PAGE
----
• #9
                  While they tell you to hook the ground up to your car battery last this is because of the potential of sparking... Sparking around battery can cause it to go boom.

                  And you are doing this with the ignition off... You should NEVER attach your battery if power is applied to anything. However your devices won't find a ground without the ground wire attached. (Although I wouldn't suggest touching the body of your car while attaching the ground wire.. YOU might become the ground wire...) With the ignition off you may still have some items powered but they are very low amperage and shouldn't affect anything.

                  Otherwise as far as electrical components go you should NEVER hook them up with power applied and you should always hook up the ground first. If you hook them up with power applied and any part of the device touches the body of the car you can get a partial ground. This is bad because that 12 volts could be seen as a bunch of voltage or as a negative voltage. You are lucky you didn't burn up your power supply. You should have had the fuse pulled on it, hook the ground up first, then the positive wire and then plug in the fuse.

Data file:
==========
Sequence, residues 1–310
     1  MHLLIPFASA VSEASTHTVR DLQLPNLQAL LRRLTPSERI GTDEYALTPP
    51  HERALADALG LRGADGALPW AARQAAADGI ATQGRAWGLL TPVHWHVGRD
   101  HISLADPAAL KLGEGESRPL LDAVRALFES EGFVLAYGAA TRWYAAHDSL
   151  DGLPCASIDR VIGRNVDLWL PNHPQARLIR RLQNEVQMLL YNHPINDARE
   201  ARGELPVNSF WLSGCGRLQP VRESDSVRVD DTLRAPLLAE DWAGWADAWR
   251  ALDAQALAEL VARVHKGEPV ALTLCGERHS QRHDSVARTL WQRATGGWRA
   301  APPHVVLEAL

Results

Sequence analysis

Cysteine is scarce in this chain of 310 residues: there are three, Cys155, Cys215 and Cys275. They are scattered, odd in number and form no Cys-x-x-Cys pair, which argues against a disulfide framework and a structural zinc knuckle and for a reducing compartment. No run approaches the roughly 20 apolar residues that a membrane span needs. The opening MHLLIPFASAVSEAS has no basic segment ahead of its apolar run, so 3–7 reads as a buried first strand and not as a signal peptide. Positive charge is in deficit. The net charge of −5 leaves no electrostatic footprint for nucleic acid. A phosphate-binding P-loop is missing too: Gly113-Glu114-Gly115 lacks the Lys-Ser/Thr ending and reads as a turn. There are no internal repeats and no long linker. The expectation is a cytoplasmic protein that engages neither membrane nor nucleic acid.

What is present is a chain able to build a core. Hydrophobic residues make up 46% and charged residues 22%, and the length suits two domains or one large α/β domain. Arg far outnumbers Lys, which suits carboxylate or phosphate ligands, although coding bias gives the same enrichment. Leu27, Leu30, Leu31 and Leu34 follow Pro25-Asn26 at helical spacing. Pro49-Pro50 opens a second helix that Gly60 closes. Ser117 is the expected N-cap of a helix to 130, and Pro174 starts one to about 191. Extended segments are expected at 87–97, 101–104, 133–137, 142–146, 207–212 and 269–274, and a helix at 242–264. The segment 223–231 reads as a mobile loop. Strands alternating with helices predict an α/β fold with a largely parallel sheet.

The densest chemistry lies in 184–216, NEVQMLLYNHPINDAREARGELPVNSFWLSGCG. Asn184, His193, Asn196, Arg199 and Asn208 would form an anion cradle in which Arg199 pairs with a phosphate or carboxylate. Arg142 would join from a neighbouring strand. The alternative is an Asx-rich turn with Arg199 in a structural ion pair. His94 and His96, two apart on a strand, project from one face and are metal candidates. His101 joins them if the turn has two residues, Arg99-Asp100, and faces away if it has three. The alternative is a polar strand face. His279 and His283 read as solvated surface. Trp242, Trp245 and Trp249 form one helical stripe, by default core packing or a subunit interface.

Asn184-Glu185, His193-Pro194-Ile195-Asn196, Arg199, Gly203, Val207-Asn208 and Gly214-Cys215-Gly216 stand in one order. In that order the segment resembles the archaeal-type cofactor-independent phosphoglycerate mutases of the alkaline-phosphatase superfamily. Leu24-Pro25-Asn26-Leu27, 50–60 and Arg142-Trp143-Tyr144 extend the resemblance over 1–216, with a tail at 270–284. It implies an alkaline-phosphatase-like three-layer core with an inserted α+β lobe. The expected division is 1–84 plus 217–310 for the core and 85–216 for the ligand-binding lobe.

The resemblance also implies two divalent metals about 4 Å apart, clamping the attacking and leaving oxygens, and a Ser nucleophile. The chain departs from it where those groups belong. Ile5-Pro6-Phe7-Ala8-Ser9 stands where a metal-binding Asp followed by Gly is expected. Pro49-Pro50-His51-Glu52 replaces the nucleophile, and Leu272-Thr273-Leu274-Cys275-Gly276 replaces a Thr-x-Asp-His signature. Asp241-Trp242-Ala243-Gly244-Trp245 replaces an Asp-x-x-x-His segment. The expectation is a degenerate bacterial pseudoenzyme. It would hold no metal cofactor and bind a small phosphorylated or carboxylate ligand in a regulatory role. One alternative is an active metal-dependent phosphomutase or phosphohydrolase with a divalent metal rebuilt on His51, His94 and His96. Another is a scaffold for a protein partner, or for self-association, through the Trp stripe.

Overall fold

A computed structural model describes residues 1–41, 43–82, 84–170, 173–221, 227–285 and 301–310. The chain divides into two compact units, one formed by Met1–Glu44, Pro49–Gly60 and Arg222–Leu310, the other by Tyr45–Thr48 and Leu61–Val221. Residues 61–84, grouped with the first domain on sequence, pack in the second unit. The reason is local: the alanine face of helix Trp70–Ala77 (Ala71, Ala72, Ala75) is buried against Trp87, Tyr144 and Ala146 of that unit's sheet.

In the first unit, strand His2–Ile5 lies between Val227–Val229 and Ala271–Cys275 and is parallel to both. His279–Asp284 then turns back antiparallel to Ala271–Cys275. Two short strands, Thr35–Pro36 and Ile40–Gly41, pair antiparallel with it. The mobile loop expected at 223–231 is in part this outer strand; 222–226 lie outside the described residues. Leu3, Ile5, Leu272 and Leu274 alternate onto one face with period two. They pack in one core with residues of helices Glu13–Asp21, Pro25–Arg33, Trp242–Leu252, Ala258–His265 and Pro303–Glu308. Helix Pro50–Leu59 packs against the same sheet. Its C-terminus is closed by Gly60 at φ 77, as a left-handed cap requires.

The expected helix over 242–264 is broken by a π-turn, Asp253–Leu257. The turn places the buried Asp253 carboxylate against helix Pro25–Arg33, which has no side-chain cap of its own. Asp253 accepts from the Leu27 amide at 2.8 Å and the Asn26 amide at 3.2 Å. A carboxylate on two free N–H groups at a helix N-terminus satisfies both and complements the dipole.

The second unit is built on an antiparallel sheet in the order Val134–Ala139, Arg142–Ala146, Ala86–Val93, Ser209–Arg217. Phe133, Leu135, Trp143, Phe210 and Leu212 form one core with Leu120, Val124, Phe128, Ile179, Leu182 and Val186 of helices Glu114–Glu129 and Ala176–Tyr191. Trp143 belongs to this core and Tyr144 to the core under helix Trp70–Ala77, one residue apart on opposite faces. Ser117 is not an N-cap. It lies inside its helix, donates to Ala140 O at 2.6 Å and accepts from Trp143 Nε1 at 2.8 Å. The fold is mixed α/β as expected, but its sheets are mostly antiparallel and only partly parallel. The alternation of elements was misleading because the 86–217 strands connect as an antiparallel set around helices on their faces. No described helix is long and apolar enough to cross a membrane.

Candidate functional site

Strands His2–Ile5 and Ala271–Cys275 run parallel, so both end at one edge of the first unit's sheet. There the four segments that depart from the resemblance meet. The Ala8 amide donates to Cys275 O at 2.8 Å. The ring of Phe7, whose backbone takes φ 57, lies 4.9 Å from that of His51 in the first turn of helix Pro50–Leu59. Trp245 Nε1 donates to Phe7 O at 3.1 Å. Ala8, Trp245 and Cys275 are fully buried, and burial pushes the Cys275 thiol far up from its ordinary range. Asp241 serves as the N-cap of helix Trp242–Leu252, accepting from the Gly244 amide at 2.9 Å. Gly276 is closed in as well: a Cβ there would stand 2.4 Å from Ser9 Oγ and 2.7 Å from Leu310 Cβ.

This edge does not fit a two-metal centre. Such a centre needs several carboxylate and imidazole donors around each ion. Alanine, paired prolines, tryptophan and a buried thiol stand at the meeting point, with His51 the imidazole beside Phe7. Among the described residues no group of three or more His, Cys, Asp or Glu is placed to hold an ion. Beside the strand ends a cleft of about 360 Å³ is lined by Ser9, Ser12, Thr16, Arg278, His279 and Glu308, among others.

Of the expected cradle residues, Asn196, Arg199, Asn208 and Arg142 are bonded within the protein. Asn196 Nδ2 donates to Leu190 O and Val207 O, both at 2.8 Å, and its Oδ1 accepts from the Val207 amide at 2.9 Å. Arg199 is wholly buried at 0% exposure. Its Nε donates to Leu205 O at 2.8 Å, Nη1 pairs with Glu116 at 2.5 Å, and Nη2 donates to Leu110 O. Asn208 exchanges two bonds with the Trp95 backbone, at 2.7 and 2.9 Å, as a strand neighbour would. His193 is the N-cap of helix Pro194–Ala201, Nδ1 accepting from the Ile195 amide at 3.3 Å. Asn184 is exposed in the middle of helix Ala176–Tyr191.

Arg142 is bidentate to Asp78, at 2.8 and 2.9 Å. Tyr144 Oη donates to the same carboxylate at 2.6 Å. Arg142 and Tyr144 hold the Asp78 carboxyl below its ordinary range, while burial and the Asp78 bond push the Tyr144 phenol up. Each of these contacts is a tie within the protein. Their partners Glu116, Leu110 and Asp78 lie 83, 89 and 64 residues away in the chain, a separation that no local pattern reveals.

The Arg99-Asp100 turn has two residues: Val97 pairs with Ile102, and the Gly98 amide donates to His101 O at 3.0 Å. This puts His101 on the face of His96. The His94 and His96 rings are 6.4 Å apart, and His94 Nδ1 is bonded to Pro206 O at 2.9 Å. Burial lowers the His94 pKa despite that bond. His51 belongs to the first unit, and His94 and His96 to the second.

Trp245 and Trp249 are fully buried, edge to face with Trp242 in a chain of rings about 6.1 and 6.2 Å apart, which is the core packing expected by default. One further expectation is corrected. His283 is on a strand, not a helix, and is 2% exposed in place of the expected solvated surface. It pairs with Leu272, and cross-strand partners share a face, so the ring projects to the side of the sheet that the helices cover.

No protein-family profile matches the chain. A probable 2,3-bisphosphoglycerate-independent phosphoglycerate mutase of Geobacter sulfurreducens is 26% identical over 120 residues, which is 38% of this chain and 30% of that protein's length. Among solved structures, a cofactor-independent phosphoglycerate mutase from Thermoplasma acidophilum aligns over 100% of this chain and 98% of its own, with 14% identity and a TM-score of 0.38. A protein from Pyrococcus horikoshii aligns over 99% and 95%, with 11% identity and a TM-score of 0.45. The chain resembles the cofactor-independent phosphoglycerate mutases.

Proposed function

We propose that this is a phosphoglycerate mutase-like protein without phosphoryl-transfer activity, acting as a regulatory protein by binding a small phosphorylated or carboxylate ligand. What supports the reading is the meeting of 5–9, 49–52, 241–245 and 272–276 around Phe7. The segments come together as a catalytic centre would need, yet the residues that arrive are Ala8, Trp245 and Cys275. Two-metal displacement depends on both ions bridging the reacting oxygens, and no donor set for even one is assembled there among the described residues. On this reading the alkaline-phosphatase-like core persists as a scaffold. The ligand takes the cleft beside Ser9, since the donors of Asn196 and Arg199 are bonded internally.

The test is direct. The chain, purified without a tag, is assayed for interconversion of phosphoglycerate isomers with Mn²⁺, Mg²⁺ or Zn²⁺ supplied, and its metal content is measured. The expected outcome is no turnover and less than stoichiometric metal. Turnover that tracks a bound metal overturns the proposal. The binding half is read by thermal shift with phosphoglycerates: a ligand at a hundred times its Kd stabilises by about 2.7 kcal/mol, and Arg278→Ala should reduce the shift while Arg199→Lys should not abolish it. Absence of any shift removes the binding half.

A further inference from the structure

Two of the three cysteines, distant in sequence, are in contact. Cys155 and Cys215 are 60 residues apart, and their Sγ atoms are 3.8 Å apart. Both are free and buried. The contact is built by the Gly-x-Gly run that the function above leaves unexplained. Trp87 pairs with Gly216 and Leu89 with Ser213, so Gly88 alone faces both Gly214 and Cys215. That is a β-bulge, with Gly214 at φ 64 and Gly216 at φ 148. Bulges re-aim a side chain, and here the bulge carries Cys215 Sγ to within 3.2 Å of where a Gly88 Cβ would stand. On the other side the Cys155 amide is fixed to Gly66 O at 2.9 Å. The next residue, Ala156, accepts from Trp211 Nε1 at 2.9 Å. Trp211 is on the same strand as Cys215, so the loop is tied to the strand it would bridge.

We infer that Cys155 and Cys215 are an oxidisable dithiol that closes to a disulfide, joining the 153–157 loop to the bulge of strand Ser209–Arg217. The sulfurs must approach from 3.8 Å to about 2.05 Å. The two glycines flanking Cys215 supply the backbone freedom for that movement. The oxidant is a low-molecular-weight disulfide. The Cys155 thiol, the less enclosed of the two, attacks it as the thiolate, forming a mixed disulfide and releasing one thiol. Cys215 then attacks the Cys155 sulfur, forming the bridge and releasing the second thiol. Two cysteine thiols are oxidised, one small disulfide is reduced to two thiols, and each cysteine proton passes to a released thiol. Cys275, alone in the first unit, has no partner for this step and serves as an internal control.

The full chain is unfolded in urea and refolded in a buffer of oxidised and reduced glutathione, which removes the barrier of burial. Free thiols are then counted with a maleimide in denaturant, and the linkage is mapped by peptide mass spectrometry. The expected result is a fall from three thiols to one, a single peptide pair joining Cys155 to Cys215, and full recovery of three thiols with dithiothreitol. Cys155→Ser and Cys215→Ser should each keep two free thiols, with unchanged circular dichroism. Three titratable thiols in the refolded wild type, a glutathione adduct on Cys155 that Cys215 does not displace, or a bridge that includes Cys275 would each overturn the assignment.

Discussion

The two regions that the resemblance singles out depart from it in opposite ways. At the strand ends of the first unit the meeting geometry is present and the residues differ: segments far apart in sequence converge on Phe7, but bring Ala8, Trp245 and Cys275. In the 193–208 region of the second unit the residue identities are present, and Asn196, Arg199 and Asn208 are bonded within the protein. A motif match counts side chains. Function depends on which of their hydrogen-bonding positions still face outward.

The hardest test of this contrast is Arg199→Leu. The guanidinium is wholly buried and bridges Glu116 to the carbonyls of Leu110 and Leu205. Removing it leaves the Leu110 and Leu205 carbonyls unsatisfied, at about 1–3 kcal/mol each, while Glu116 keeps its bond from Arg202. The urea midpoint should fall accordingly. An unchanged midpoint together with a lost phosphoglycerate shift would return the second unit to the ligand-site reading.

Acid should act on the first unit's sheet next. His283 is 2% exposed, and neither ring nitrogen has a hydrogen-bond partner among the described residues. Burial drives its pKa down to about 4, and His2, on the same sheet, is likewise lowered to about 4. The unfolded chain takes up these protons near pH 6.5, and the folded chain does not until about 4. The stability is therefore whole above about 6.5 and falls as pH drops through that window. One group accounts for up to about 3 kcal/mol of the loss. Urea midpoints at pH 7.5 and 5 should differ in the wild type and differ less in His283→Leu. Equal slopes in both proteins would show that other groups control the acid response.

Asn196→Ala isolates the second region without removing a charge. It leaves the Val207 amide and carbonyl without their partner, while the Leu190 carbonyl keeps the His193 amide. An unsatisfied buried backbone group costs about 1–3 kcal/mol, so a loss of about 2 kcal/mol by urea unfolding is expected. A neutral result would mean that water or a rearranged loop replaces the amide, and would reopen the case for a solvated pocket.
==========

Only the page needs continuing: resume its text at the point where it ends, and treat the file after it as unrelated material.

• #10
                    Alas the reason for connecting the ground last is not for sparking (that occurs no matter which is connected last). It is so that if your spanner or metal tool touches ground while working on the hot side (ie, the non-ground or +ve terminal etc in modern vehicles) you don't cause a massive short.

                    Hence the simple rule - whenever working on the hot side, the ground shall be disconnected ie, -ve/GND off first and on last. (I have seen up to 12 "complex" rules to convey the same simple rule.)